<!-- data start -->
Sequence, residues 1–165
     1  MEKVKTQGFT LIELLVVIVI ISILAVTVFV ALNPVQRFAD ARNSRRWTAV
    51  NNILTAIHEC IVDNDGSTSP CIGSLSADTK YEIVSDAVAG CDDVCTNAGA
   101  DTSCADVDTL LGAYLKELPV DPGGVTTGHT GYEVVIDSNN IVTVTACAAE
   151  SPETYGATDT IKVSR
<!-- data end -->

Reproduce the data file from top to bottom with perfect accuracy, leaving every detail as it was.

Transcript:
Sequence, residues 1–165
     1  MEKVKTQGFT LIELLVVIVI ISILAVTVFV ALNPVQRFAD ARNSRRWTAV
    51  NNILTAIHEC IVDNDGSTSP CIGSLSADTK YEIVSDAVAG CDDVCTNAGA
   101  DTSCADVDTL LGAYLKELPV DPGGVTTGHT GYEVVIDSNN IVTVTACAAE
   151  SPETYGATDT IKVSR